By Jesse Bertel
The Jazz Journey returns for the next concert in its 2023 series of jazz music exploration, with “Jazz Influences in American Culture.” The Prescott Jazz Summit All-Star Combo will perform at 7 p.m. Saturday, April 8, in the Elks Theatre’s Crystal Hall, on the third floor of the Performing Arts Center, 117 E. Gurley St.
Throughout the 1920s, jazz worked its way into many aspects of American culture. Everything from style to literature to the Civil Rights movement was touched by its influence.
Trumpet player and band leader Mike Vax explained that popular music has always had a connection with jazz in this country.
“Most of the music, even up through today, most pop music came from jazz,” Vax said. “In the ’20s, Dixieland jazz, what we now call Dixieland jazz, was pop music. In the ’30s and ’40s, Big Band music was pop music.”
According to Vax, even rock ‘n’ roll and hip hop stem from jazz traditions.
“In the ’40s, rhythm and blues came out of jazz with Louis Prima and Louis Jordan and some of those people, and that was the precursor of rock ‘n’ roll,” he said. “Anything from the ’50s on, even up to today’s hip hop and rap, it really came from jazz.”
Not only has jazz influenced music but the language jazz musicians used and the clothing they wore has permeated American life.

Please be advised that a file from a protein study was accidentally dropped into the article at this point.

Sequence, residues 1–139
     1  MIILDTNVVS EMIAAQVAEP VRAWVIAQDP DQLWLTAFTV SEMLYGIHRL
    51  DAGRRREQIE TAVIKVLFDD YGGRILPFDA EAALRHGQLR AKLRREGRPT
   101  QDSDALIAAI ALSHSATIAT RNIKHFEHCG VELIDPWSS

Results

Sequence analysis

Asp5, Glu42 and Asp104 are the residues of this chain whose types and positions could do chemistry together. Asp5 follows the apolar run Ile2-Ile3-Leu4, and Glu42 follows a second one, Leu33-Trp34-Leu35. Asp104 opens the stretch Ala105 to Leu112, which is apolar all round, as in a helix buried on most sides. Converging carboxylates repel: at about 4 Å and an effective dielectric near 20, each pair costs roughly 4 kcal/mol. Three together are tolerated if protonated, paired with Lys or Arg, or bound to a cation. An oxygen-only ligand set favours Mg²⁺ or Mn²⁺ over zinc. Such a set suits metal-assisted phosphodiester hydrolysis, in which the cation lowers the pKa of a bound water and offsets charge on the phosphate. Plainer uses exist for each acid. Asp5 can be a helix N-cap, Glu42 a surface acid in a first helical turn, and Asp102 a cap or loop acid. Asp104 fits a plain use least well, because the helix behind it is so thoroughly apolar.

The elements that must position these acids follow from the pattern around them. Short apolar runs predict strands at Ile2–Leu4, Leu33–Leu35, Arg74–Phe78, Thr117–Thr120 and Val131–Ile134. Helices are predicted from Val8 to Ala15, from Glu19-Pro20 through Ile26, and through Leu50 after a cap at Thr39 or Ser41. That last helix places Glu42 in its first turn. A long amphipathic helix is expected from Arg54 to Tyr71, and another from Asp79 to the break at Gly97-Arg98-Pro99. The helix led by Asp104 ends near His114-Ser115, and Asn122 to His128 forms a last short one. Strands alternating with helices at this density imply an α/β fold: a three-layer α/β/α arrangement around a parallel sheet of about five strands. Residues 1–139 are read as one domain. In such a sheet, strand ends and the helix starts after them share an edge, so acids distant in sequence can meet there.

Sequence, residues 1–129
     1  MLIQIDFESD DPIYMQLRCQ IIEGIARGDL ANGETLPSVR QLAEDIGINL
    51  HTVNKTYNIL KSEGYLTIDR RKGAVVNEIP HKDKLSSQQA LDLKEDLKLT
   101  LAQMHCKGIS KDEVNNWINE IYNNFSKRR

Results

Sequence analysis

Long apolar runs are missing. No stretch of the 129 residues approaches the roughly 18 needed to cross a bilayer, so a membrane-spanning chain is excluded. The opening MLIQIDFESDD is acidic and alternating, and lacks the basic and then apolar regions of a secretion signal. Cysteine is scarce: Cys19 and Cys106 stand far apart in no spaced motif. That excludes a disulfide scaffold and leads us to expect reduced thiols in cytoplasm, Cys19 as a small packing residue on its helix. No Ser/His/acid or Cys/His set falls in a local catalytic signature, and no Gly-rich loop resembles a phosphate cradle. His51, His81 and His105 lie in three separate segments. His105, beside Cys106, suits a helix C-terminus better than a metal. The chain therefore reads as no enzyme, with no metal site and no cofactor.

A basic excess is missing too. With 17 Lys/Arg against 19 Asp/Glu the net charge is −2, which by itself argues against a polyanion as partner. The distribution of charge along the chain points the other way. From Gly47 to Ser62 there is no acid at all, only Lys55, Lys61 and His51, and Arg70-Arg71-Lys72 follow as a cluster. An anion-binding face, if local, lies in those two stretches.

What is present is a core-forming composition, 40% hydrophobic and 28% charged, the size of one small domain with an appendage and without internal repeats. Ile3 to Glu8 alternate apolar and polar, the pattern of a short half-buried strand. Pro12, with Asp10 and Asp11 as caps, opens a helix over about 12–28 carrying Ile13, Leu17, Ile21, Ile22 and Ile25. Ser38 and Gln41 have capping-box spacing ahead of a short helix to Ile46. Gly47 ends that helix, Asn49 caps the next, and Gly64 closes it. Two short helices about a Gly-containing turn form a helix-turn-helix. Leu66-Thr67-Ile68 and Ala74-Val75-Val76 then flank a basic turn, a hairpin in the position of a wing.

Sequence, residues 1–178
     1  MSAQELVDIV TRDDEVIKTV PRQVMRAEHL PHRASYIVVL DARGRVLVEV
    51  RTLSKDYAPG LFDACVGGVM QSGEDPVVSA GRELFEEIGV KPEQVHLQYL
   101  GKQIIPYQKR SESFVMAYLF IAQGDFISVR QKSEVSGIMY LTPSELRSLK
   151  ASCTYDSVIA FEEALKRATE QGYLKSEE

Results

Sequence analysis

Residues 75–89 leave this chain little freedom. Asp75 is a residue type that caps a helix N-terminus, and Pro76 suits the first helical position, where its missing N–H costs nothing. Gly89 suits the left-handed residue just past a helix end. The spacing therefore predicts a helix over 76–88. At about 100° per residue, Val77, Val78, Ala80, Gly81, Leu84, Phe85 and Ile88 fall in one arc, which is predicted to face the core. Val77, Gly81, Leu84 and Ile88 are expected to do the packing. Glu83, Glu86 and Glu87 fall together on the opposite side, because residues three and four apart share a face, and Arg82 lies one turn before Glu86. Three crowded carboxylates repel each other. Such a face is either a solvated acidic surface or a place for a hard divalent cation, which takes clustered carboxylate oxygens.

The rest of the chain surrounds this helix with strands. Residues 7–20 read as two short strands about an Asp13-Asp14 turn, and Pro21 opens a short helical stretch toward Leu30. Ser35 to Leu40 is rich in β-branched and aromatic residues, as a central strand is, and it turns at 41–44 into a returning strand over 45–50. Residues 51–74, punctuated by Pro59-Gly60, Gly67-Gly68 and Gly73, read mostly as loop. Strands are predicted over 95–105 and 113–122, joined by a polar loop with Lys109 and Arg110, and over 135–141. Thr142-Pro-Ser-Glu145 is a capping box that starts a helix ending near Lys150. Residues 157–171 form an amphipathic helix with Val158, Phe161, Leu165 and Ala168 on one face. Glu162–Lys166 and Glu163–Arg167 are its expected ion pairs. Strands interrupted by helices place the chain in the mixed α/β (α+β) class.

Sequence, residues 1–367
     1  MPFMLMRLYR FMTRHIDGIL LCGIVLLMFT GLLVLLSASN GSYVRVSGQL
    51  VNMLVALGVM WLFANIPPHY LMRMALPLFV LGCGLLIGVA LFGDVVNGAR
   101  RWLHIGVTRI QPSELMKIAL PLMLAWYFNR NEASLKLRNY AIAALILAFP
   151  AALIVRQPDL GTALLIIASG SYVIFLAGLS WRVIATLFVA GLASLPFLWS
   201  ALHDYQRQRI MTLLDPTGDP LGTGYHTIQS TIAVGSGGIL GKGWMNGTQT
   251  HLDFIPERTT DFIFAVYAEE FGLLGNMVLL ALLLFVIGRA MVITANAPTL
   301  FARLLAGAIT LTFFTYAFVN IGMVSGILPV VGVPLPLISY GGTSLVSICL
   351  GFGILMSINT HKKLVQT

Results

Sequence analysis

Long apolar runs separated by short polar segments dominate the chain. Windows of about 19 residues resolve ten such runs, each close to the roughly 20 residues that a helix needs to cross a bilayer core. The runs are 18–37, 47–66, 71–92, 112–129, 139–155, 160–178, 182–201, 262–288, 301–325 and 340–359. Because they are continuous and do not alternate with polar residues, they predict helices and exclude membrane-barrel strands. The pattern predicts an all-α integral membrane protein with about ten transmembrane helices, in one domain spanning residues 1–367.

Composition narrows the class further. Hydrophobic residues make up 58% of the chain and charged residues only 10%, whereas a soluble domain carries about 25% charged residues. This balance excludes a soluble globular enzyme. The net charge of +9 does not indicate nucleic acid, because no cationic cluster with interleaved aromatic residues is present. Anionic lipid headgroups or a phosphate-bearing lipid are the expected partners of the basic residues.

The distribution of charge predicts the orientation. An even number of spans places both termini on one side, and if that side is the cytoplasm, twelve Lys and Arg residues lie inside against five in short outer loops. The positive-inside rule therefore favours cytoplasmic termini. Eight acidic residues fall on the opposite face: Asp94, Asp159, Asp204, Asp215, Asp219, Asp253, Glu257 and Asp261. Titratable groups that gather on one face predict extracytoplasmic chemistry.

“Some of the colloquialisms and slang that the jazz musicians have used over the years have become part of the regular slang of, you know, normal people,” Vax said. “A lot of times, especially in the ’40s, what the jazz musicians were wearing, like zoot suits and stuff, became popular with the general public. So, it’s amazing how much influence jazz has over our culture.”
During Saturday’s performance, the band will spark discussions about how the history of jazz coincides with the history of the United States, including the role jazz played in desegregation.
“Integration was really happening with jazz musicians before the general public,” Vax said. “In the ’20s, in a lot of places especially in the South, you couldn’t have a Black and white band, you couldn’t have an integrated band. In the ’30s, jazz musicians started saying, ‘No, this is not right,’ and of course, Benny Goodman was one of the famous, famous leaders who hired Lionel Hampton and Teddy Wilson, two Black men, to be in both his small group and his big band.”
The Jazz Journey series brings together musicians and singers from around Arizona to present evenings that will include not only the music but historical facts and anecdotes about the music and the musicians who have performed America’s True Art Form for over 100 years.
Beer, wine and other beverages are available for purchase at the performance. Parties of four or six will be given their own table (as available). Larger and smaller parties may be combined or divided to accommodate all guests. All seating will be assigned before entry. For special accommodations, email firstname.lastname@example.org.
For more information and to buy tickets, visit www.prescottelkstheatre.org, or call 928-756-2844.
Jesse Bertel is a reporter/videographer for the Prescott News Network. Follow him on Twitter @ JesseBertel, email him at email@example.com, or call 928-445-3333, ext. 2043.